Jul 2, 2008

Young People's Protests Easy to Mock but Ignore Them at Your Peril

Each day is a blessing when I have the opportunity to engage with my young. I thank the Lord for their beautiful chocolate skin, their lovely personalities and their light-up-the-room smiles.

We have a big family now especially as extended family now live with us as they have lost their jobs thanks to the Chaudary/Bhai coup. But there is plenty to do. Teitei to be tended, crops to be planted and weeds to be pulled, housework to be done, buka collected and meals to be made for school and the dinner table.

And in the evenings, there is plenty of discussion as our young ones are encouraged to ask us questions about what they see on the TV news. And we are not short on interpreting and commenting on these issues for the kids.

As a family and a mataqali we firmly believe that consulting young people is a key factor in empowering them for making decisions and taking responsibility for actions that they take. This bodes well for the future.

And while it is all too easy for the authorities in Fiji to disparage young people's political actions , they are increasingly hard to dismiss. The urge to ridicule young people's views is irresistible to some at the best of times, let alone when they leave their classes and take to the streets to challenge the government.

For whatever else these youngsters may have learned in class, they have the power and the knowledge to bring governments to heel especially when there are clear societal injustices to be seen.

It is especially gratifying to see Fiji's Youth drawing their lines in the sand, and I must congratulate the Young People's Concerned Network for their fabulous new website.

They have identified their issues and their stand, but also address everyday issues like project opportunities, and jobs in their Youth Classified section, and at the same time they have some fun. They even feature the weather for both Suva and Nadi which I have actually found to be very accurate, more so than the Fiji Met service ! Well done you brave young ones !!

When youth ask for the right to better services for their social and economic and civil benefit and subsequent accountability from leaders, any good Government must engage and participate as this promotes a sense of citizenship and engagement in nation building.

When young people are listened to and their opinions valued, their resilience and self-confidence can be considerably increased.

Bole was in the news recently lamenting the poor pass rate in schools - this is a good example of services shaped to meet youth's presumed needs, rather than the real issues of today.

Due to the blatant "lessons" of law bending and law breaking brought about by the Coups in Fiji, the blurring of what is right and what is wrong, it also reflects the very poor morale of both school administrators and their pupils struggling to make sense of it all.

It is incumbent upon any administration of the day to provide the structures that support a sense of stability and a sense of place in our nation, our cultures and our environments. And teachers and parents to provide the moral senses and guidance that complement this.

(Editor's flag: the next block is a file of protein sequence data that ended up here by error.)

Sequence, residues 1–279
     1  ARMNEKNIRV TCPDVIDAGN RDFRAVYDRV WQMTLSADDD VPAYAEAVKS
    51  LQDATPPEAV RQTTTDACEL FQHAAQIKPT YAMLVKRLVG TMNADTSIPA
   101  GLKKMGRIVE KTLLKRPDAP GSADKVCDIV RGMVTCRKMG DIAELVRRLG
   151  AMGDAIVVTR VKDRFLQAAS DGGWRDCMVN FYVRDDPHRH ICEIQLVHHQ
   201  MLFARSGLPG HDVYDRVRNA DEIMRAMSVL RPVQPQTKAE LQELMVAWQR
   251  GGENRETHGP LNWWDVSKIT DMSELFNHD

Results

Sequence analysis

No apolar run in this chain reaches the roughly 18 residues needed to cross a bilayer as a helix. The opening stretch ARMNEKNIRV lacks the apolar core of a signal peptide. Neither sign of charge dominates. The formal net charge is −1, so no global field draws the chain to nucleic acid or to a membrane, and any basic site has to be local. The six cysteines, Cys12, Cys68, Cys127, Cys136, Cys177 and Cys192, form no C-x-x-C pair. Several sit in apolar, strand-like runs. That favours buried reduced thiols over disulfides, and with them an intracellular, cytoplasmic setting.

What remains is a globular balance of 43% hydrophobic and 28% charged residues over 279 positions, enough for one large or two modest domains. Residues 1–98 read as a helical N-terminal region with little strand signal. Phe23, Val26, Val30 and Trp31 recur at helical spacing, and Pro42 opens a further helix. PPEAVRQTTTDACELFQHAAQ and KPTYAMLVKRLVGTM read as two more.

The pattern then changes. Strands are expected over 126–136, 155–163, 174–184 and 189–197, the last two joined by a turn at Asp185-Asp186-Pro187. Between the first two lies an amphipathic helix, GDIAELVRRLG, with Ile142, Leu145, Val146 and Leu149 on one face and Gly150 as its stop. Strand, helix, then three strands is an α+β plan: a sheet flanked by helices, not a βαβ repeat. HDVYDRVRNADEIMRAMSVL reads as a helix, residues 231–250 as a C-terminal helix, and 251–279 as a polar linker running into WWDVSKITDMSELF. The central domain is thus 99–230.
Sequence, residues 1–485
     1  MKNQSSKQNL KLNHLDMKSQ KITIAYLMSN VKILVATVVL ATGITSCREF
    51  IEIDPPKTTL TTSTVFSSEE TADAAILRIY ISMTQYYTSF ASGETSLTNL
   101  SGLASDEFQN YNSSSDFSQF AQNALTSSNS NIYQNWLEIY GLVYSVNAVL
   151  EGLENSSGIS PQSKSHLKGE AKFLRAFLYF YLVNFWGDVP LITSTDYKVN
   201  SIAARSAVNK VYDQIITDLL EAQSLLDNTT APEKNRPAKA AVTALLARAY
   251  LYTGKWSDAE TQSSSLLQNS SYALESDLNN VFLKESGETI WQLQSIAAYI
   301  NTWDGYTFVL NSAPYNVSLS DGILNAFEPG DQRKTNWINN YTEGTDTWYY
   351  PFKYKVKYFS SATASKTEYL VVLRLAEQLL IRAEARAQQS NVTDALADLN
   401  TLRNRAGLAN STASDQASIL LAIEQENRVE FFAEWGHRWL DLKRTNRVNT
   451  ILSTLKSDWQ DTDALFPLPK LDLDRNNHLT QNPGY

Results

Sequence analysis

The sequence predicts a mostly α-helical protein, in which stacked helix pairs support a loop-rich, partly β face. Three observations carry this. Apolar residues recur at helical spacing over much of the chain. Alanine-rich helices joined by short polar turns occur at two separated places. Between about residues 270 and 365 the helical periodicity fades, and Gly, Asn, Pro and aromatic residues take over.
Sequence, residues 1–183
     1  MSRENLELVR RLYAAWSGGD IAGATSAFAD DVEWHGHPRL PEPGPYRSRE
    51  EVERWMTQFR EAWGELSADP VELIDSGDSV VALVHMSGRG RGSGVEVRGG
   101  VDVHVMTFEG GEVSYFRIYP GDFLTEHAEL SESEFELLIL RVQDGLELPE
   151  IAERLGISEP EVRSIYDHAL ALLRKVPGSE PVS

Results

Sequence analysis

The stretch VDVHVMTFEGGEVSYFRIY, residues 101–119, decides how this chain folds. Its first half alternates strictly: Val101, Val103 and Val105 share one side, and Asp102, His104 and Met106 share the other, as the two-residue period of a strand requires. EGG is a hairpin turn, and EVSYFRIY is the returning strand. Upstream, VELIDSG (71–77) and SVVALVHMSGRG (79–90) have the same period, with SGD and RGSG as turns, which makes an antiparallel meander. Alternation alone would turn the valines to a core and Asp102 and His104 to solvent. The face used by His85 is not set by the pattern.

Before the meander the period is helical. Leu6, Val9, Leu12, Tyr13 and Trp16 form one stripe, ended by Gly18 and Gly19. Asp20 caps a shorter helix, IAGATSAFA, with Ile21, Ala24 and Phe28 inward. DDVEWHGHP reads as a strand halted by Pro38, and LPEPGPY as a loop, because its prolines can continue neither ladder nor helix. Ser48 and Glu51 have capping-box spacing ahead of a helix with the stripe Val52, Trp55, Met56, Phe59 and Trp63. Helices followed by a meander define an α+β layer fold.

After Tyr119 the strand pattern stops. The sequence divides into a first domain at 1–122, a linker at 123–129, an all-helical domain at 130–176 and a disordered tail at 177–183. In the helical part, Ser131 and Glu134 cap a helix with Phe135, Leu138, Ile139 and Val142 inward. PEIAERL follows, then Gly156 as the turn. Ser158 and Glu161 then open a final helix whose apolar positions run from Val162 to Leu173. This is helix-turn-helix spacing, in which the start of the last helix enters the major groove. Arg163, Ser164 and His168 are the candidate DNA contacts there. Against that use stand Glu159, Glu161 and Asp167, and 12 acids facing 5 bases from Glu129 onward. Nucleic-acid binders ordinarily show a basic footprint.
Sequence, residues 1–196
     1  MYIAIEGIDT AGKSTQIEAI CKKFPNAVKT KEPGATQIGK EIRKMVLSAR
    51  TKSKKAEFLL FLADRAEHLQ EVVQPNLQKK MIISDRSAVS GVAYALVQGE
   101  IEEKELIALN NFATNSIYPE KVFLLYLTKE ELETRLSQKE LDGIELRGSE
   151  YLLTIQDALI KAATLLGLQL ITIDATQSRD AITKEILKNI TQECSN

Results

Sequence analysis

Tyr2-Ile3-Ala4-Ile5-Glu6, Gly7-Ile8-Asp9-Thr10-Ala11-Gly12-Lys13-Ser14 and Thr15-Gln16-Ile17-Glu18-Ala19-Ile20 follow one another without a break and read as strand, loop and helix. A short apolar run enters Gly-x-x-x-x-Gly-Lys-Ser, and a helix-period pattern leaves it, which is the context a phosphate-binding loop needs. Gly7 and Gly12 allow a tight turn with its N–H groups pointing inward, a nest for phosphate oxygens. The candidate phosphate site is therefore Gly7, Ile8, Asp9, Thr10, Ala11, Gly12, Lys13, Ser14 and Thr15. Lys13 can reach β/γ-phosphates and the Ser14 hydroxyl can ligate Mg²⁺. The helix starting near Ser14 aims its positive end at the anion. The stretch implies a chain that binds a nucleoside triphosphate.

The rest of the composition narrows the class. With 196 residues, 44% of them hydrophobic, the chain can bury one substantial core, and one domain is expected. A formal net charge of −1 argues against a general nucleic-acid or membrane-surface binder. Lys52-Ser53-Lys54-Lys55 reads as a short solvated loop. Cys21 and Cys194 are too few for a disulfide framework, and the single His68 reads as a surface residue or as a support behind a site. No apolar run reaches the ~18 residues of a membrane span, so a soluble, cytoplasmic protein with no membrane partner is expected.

No one is winning at the moment.

Our only hope is our youth - the future of Fiji. Ignore them at your peril !


Anonymous said...

Thank you Bubu for a well written, 'from the heart' article.

Yes, young people are the future and the sensible adults have to show the young that criminal activity by the coupsters is to be condemned.

My heart goes out to school principals and teachers who have to endure the rants and ravings of a misguided, incompetent fool of an illegal minister.

From what I have read from this fool, his total knowledge of education could be chiseled onto the back of an asprin.

Schoolies need support as they struggle to compensate their students for the failure of the jaundiced junta to provide stability and leadership.

How can students be expected to perform well at school when their minds are on other things; parents without jobs, no breakfast and no lunch, no money for bus fares, and now, no buses?

When you have a dysfunctional illegal minister desperately trying to hang onto his illegal, well paying job, you certainly won't see any understanding for the plight of the parents, schoolies or students.

After all, he is also afraid of being shafted by chaudopu$$ and his puppet, bananasinpyjamas.

May I set some targets for this fool;_

* 95% of students in Fiji attend classes each day

* 100% of students can travel to school by public transport each day [ you may need to do something about roads and the cost of fuel ]

* 90% of teachers feel secure and happy in their role.

*100% of administrators feel supported in their role.

Anonymous said...

THere is a line from a song in the musical version of Victor Hugo's "Les Miserables" when a politcally active you boy sings
"SO never kick a dog, because he's just a pup- we'll fight like 20 armies and we wont give up - so you better run for cover when the pup GROWS UP!"
Sounds especially relevant to this blog post.

ihaveadream! said...

tragic that the current fools in charge show no concern for Fiji's future .... the next generation is tomorrow's hope and today's reason to make it